Tougas Family Farm in Massachusetts also created a drive-thru, but they added a fun twist; a drive-thru Farm I-Spy game. Players looked for the game items as they drove through the farm. Among those featured items were a silo, a dump truck, a tractor, blueberry bushes, and more.

“We wanted to create something that would be fun for the kids.” said Kerrie Ward of Tougas Family Farm. “Having the ability to share the farm with families is one of the best things we get to do. Kids come to the farm to see the animals and the tractors, so why not make a game of it? We posted the list of items to find so that people could print it out prior to their arrival. As people drove through the orchard, you could hear the excited kids yelling out the items on the list. We could not have hoped for anything better.”

Tougas offered online sales and drive-thru farm product pickups.

Phyllis Tougas said “our online store has been running at about 100-150 orders per day, with a high of 250 orders for our Apple Blossom Drive Through: Part 2. We tried pre-packing the orders once — now we pick the orders when the customers arrive. We have gotten very fast, so it goes smoothly. Our physical store has now been converted from a store to a warehouse for orders.”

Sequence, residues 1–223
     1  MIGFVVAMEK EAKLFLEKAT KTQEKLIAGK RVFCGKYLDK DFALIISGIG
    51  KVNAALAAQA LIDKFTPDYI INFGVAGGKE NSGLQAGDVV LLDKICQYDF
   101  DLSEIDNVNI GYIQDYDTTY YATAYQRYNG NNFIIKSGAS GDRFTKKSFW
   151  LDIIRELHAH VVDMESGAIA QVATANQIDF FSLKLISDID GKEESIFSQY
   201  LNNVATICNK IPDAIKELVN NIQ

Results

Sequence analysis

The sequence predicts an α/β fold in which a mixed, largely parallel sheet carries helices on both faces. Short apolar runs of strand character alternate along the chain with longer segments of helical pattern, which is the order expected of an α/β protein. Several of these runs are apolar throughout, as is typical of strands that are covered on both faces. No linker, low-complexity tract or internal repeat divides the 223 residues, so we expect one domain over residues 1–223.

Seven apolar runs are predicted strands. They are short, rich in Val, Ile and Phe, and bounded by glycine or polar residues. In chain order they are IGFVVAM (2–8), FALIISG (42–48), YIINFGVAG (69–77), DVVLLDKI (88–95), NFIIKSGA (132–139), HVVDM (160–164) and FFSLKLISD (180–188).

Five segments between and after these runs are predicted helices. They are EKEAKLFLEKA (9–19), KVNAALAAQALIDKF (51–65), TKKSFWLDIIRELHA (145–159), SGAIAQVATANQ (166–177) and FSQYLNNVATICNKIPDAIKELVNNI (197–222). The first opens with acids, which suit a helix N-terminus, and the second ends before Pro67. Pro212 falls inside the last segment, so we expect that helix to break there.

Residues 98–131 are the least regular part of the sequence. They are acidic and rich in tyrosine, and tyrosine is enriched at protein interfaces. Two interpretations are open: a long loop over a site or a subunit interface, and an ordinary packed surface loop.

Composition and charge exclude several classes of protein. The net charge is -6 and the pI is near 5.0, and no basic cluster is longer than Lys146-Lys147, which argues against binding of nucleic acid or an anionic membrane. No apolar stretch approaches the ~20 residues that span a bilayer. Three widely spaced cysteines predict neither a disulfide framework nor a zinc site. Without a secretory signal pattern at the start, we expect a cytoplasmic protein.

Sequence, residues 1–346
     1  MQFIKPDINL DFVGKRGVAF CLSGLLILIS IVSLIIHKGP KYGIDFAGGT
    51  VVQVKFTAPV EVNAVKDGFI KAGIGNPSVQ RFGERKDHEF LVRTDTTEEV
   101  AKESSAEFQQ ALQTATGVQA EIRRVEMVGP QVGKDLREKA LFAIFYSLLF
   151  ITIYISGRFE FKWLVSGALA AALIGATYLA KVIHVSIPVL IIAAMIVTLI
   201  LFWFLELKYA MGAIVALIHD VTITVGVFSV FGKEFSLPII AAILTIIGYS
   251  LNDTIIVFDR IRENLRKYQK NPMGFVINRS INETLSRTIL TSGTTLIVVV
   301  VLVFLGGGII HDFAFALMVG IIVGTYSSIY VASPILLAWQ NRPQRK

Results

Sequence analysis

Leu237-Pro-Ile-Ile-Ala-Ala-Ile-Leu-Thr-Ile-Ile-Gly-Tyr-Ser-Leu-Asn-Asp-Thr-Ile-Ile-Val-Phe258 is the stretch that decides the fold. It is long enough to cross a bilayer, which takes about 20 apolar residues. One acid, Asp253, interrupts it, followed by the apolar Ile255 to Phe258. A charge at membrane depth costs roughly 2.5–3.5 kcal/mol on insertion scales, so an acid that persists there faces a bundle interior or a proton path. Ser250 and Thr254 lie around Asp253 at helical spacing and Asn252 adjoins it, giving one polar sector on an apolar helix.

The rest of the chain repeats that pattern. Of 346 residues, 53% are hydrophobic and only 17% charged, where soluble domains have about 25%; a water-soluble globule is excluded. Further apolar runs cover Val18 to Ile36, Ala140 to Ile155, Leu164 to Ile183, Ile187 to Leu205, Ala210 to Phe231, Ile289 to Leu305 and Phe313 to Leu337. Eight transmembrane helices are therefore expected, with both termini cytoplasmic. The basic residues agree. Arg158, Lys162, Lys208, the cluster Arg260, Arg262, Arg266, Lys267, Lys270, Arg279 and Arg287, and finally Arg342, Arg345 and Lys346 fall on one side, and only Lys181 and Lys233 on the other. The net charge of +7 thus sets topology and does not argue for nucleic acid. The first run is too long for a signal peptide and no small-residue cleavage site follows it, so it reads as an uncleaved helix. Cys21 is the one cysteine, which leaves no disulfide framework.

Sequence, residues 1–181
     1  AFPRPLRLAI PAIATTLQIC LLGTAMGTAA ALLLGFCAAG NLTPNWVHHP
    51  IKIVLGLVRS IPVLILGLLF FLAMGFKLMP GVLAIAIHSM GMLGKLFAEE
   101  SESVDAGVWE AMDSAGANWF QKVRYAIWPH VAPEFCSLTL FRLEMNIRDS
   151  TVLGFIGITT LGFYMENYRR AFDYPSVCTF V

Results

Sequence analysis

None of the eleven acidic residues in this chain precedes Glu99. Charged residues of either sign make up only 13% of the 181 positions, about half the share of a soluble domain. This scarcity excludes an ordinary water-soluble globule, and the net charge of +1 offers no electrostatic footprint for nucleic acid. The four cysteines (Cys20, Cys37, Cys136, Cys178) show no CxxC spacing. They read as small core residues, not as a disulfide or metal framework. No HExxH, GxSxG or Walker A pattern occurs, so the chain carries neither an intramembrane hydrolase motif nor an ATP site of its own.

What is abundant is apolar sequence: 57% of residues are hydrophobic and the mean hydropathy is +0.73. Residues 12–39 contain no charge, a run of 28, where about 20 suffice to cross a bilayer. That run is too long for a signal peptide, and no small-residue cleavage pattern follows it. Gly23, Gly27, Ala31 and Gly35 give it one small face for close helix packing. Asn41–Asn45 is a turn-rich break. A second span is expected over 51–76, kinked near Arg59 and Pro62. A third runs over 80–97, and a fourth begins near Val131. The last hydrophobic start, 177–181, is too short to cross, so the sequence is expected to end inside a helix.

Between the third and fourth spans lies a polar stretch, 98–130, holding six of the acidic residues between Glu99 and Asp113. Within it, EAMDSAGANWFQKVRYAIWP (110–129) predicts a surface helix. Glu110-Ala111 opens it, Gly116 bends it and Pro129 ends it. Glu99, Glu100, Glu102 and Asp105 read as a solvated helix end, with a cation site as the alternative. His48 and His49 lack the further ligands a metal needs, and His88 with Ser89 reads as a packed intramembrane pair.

Ward said that most people appreciate the health safety measures that have been put into place, and are grateful to know that the farm is doing its best to not only keep guests safe, but staff as well.

“The response so far has been overwhelming, and we are appreciative for the support,” Ward said.

In Maryland’s southern Anne Arundel County, Doug and Maureen Heimbuch of Thanksgiving Farm Winery adapted their usual in-person wine tasting to be a four-person, takeout tasting kit. The Wine Tasting-to-Go Kit includes six different wines, each in a sealed 5-ounce bottle. The bottles are color-coded to match a written description of the wines. The bottles are placed in a convenient six-pack carrier, and are brought to customers via the winery’s parking lot Carhop Service on Saturdays.

“Our outdoor seating area (reopened Saturday, June 6), and we have expanded and rearranged our outdoor seating area to ensure at least a 6-foot distance between seated guests at adjacent tables,” Maureen Heimbuch said. “We are taking reservations for the space, and per compliance with current state and county COVID-19 orders, we can only have household groups sitting together at one of our outdoor tables.”

She followed up with, “We stay hopeful that people will be able to move around safely again in the near future.”

Shelby Watson-Hampton is a freelance writer covering Southern Maryland.